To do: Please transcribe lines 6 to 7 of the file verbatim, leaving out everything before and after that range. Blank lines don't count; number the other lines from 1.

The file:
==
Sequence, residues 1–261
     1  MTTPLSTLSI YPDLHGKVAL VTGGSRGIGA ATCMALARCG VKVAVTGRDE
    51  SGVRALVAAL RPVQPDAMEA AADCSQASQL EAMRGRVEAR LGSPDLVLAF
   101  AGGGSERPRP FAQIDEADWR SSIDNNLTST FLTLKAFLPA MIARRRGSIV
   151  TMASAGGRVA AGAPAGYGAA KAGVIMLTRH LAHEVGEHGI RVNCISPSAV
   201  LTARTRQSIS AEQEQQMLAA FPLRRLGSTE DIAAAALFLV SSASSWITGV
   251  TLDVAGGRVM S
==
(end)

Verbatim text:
   201  LTARTRQSIS AEQEQQMLAA FPLRRLGSTE DIAAAALFLV SSASSWITGV
   251  TLDVAGGRVM S